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Self-Supervised Deep Learning for Low-Dose CT Image Denoising

T Bai*, D Nguyen, S Jiang, UT Southwestern Medical Center, Dallas, TX

Presentations

(Sunday, 7/12/2020)   [Eastern Time (GMT-4)]

Room: AAPM ePoster Library

Purpose: mitigate this challenge, in this study, a self-supervised framework is proposed for denoising, where only the low-dose CT image is required for training.


Methods: any specified pixel value can be estimated from the rest pixels by exploiting the strong correlations among pixels. This mapping can be learned by masking out one pixel of the input image and then regressing this pixel value in the output. We terms this pixel as the “regularization point”. To incorporate the noisy real observation, another “fidelity point” will be selected for training where the input includes this “fidelity point” and the output tries to learn its pixel value. Specially, to make the training more effective, a set of regularization/fidelity points would be randomly selected chosen from the effective human body region with a CT value larger than -800 HU. But this would induce another problem: the model cannot learn to predict the background information. To alleviate this challenge, a set of “background points” would be randomly selected from the region with CT value less than -800 HU. Overall, the final mean square error loss would be calculated based on the above three different random point sets. The Low-dose CT Challenge 2016 dataset and the popular UNet were used to validate the proposed method. The root mean square error (RMSE) and the structural similarity index (SSIM) were used as the quantitative metrics.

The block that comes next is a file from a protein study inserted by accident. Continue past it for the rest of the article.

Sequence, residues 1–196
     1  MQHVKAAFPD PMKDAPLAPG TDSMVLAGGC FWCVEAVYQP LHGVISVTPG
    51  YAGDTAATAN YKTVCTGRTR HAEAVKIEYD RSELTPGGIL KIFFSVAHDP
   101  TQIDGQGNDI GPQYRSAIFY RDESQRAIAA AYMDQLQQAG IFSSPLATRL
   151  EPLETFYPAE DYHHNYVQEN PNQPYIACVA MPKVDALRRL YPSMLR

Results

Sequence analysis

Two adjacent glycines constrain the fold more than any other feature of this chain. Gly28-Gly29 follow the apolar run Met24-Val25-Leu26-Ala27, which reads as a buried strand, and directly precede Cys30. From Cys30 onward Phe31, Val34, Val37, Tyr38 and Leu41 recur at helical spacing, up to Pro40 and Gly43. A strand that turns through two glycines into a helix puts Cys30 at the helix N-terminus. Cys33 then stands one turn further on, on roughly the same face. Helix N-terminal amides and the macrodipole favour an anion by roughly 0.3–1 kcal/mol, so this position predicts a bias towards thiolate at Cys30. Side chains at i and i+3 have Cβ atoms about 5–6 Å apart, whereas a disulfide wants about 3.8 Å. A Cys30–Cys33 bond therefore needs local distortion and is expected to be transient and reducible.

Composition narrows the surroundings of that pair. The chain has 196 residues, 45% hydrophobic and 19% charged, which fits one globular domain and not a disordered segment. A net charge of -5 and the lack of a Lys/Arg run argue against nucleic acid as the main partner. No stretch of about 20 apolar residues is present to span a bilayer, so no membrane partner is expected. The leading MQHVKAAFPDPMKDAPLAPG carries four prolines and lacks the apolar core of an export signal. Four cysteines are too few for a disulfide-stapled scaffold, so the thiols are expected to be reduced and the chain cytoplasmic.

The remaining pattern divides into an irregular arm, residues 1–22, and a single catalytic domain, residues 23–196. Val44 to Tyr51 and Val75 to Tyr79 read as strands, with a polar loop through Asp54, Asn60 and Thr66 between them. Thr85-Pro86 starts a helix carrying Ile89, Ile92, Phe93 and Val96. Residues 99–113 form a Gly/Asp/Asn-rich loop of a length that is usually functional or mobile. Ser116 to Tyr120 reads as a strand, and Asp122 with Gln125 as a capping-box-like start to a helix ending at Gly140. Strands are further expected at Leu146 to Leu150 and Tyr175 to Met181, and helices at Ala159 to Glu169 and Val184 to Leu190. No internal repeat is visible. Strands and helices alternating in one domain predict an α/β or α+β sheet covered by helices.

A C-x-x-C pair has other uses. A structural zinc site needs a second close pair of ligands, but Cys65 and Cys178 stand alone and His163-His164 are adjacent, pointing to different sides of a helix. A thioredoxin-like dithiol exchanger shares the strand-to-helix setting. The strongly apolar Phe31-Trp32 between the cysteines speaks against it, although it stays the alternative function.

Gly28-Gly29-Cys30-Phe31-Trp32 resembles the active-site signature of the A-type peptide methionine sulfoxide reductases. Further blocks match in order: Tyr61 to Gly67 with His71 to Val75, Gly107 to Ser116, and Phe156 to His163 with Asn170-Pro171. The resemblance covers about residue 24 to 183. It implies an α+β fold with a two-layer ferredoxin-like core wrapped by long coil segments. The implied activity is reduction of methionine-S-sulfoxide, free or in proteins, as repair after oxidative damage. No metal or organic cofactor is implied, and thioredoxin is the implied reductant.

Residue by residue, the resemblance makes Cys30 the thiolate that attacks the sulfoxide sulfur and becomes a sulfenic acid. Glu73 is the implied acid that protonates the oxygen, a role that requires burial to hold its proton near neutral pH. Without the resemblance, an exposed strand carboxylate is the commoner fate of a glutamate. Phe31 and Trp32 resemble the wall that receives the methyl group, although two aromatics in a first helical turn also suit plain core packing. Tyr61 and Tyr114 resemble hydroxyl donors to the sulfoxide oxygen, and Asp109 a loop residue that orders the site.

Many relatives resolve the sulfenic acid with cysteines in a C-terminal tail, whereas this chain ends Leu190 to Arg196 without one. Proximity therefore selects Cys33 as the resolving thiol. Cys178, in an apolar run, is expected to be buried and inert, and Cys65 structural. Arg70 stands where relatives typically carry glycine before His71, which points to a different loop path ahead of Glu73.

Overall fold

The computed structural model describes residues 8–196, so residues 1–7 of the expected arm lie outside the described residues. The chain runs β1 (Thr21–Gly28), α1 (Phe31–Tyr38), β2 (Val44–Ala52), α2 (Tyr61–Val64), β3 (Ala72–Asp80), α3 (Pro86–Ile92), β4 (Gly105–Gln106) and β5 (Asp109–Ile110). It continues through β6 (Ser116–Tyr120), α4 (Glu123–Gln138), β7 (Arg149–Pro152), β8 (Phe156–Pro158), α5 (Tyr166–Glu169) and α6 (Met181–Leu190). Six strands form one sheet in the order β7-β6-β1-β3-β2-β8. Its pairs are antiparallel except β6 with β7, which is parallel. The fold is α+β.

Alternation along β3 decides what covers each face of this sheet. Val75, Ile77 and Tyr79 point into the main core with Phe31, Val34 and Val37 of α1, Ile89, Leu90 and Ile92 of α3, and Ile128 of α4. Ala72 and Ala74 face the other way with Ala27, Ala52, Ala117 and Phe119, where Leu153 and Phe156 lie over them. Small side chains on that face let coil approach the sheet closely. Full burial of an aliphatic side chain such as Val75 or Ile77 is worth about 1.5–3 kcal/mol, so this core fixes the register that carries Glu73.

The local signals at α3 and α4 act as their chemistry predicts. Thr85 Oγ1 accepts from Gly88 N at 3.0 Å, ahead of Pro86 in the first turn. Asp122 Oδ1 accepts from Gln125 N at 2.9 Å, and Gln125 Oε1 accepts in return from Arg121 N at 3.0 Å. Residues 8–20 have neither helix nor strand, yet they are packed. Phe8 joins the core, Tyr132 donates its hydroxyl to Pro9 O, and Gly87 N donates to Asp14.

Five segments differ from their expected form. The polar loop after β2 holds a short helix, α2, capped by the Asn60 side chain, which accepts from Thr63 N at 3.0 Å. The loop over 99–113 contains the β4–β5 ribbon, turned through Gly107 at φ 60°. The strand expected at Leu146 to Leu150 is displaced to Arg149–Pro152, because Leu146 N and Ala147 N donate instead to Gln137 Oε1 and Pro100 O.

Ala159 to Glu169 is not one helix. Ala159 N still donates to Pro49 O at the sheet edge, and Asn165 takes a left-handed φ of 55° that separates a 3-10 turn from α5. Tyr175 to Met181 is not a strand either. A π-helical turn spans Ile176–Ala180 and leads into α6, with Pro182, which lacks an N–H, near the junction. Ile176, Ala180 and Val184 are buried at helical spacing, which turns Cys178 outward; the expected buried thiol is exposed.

Results: noise in the low-dose input CT image was significantly suppressed while the structures were also well-preserved. Quantitatively speaking, against the normal-dose CT image, the RMSE/SSIM were improved from 88.3/0.64 (input) to 76.0/0.69 (denoised).


Conclusion: CT images can be achieved by only using available low-dose CT images, promoting the deep learning based low-dose CT image denoise algorithm to be more clinically practical.

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